{PossibleValue: "The Dark Knight", Date: 10:12:23 30-12-2012}

  2. While calculating PopularityRank for a PossibleValue:
    • We take into account all the PossibleValue Usages found in the Storage.

    For example: if we calculate PopularityRank for a PossibleValue "The Dark Knight" in the Storage example above, we take into account the both Usages: the

    {PossibleValue: "The Dark Knight", Date: 11:15:40 
    and the
    {PossibleValue: "The Dark Knight", Date: 10:12:23 

    • the later Usage Date is, the more the given Usage brings to the PopularityRank calculated.

    For example: we have 2 usages:

    {PossibleValue: "The Dark Knight", 
    	Date: 11:15:40 31-12-2012}
    {PossibleValue: "The Dark Knight", 
    	Date: 10:12:23 30-12-2012}
    . The 1st Usage will bring more to the PopularityRank than the second Usage. The reason is: the Date 11:15:40 31-12-2012 is later than the 10:12:23 30-12-2012.

Details of the algorithm

In the previous section I described the main ideas of the algorithm. In this section I will give the full description.

How the Storage handles the overflows

As we said earlier, the Storage saves up to StorageMaxSize count of Usages. But what to do when an "overflow" occurs: a User issues another query (in other words – new Usage is reported to the Storage), but the Storage already contains StorageMaxSize of Usages?

In this situation we remove the oldest Usage – i.e., a Usage with the oldest Date.

As a consequence of that, the Storage should have some kind of ordering of the Usages by Date – to effectively implement "the oldest Usage search" operation.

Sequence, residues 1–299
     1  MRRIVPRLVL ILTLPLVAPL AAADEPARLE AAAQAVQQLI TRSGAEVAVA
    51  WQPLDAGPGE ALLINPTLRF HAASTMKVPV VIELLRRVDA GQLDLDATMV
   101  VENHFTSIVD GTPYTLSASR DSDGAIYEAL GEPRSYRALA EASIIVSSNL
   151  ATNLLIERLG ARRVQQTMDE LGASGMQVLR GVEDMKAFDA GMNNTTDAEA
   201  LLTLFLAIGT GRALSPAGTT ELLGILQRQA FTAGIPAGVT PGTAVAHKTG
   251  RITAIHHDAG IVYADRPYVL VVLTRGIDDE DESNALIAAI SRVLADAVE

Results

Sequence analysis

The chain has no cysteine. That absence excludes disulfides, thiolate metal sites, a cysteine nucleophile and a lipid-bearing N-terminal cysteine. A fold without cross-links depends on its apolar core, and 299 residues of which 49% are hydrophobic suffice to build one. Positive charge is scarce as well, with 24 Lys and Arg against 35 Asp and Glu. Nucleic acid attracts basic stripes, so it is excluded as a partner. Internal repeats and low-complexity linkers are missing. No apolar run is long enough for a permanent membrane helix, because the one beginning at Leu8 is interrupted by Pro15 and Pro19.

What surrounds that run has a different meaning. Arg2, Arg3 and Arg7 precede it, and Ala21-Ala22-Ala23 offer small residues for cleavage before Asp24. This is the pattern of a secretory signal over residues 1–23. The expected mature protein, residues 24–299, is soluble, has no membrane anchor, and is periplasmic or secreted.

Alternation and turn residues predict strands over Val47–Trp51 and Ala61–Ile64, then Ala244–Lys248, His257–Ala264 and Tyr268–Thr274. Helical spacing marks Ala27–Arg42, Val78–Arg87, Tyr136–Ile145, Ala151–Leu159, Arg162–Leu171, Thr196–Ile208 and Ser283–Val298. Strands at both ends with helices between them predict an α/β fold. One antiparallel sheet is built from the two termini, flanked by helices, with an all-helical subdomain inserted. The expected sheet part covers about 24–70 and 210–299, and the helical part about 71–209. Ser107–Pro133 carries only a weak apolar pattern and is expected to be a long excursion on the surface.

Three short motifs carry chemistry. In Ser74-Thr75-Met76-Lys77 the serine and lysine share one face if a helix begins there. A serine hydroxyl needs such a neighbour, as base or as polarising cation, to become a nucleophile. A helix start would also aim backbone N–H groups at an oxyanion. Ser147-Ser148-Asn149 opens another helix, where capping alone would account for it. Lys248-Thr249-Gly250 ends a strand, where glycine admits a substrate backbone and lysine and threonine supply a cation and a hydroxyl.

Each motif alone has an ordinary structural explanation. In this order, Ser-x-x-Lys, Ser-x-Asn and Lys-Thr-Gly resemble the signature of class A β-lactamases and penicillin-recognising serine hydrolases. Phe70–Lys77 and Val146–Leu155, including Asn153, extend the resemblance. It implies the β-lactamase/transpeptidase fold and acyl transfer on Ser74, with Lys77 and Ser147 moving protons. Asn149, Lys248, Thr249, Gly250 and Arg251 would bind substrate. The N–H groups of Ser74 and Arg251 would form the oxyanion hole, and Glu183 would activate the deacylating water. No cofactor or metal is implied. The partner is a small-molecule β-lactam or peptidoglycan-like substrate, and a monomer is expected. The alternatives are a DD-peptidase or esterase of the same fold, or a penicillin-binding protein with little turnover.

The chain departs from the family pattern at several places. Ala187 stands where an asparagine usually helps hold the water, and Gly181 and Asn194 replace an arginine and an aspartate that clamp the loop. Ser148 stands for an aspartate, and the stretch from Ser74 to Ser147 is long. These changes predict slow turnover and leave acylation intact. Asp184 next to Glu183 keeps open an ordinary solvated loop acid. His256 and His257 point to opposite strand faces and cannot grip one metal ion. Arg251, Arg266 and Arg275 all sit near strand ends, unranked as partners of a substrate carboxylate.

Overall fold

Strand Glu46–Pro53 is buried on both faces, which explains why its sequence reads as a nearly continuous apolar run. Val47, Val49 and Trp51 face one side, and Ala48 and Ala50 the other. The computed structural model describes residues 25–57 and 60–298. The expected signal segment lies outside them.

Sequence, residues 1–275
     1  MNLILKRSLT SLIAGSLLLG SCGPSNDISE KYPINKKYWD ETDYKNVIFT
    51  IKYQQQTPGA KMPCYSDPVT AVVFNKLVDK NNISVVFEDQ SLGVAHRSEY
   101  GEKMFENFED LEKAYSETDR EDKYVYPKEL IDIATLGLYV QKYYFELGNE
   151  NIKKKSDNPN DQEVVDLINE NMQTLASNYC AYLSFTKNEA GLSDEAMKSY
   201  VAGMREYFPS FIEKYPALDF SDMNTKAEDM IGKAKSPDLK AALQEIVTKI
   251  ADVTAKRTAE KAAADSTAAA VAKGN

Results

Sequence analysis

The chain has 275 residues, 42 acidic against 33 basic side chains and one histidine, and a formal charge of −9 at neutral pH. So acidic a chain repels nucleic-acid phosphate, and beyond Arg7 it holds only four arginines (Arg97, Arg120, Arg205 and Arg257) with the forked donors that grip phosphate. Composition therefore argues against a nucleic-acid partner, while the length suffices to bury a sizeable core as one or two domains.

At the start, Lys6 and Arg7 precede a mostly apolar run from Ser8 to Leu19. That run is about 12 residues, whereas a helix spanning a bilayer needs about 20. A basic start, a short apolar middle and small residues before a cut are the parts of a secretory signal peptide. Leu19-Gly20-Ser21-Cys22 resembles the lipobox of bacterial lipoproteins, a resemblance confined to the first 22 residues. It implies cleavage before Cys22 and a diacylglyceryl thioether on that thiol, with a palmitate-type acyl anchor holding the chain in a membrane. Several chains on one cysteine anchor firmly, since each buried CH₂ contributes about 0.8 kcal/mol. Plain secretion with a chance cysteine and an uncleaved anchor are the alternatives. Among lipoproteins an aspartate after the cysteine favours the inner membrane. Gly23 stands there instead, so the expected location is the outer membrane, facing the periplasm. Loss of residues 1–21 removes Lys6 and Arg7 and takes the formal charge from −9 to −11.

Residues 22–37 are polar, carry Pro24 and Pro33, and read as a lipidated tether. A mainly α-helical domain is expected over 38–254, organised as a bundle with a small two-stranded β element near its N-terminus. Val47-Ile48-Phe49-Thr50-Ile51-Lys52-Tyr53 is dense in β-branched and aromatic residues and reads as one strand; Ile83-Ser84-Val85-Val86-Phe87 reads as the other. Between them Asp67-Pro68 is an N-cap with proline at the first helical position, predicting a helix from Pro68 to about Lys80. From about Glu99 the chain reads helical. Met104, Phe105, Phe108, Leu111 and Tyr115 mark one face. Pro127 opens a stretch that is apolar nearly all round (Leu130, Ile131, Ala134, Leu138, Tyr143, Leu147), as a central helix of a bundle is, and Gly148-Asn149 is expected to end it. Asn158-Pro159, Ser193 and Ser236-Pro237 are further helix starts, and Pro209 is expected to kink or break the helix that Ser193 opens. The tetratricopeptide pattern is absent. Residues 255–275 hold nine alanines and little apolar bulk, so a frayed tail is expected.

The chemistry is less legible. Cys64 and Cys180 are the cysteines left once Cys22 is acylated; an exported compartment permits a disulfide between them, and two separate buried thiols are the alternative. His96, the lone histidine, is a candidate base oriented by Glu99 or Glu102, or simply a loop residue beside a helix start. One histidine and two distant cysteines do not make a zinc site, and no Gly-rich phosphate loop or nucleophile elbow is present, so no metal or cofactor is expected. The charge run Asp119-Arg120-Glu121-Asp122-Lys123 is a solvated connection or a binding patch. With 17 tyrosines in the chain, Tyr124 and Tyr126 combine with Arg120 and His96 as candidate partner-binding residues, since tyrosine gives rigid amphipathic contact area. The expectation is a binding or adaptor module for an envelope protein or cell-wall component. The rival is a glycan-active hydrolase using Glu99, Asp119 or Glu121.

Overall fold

How we look for PossibleValues and calculate their Ranks

Let’s consider how we look for a list of PossibleValues and their Ranks for a Query specified:

  1. Get a list of (PossibleValue, SimilarityRank) pairs using the previous algorithm "An algorithm of "phrases similarity calculation" and its usage in "autocompletion" feature". As this is specified in the previous article, all the SimilarityRank values in the result list will be > 0. In other words, PossibleValues that are "not similar at all" to the Query will not be included into the list. Let’s call the list as SimilarityResults.
  2. Calculate PopularityRank for every SimilarityResults[i].PossibleValue found on the previous step. See the details of the calculation below
  3. Now we have SimilarityRank and PopularityRank values for every for every SimilarityResults[i].PossibleValue. Calculate the [final] Rank of every SimilarityResults[i].PossibleValue as the following:
    Rank = SimilarityRank * PopularityRank

How we calculate PopularityRank for a list of PossibleValues

The input data here is the list of PossibleValues.

  1. Define the following values:
    Min2NdRank   = 1.0
    Max2NdRank   = 100.0
    MinFinalRank = 1.0
    MaxFinalRank = 6.0
  2. Calculate a value called "1stRank" for every of the PossibleValues. See the details below
  3. Find min1stRank – a minimum of all the 1stRank[] values
  4. Find max1stRank – a maximum of all the 1stRank[] values
  5. For every of the 1stRank[i] values calculate a value called "2ndRank" as the following:
    If (min1stRank == max1stRank)
        2ndRank[i] = Min2NdRank;
        2ndRank[i] = Min(1stRank[i] / min1stRank, Max2NdRank);
  6. Now we have the list 2ndRank[] where every 2ndRank[i] is in [Min2NdRank; Max2NdRank] range.

    Map every 2ndRank[i] value into [MinFinalRank, MaxFinalRank] range as the following:

    delta = (2ndRank[i]  - Min2NdRank) / (Max2NdRank - Min2NdRank);
    PopularityRank[i] = MinFinalRank + delta*(MaxFinalRank - MinFinalRank);
  7. Eventually we have the list PopularityRank[] where every PopularityRank[i] value corresponds to an input PossibleValues[i]; and is in [MinFinalRank, MaxFinalRank] range.

How we calculate "1stRank" for a PossibleValue

The input data here is a PossibleValue and a date/time point called LatestTime. The LatestTime is a maximum of all the PossibleValues[].Usages[].Date that are considered.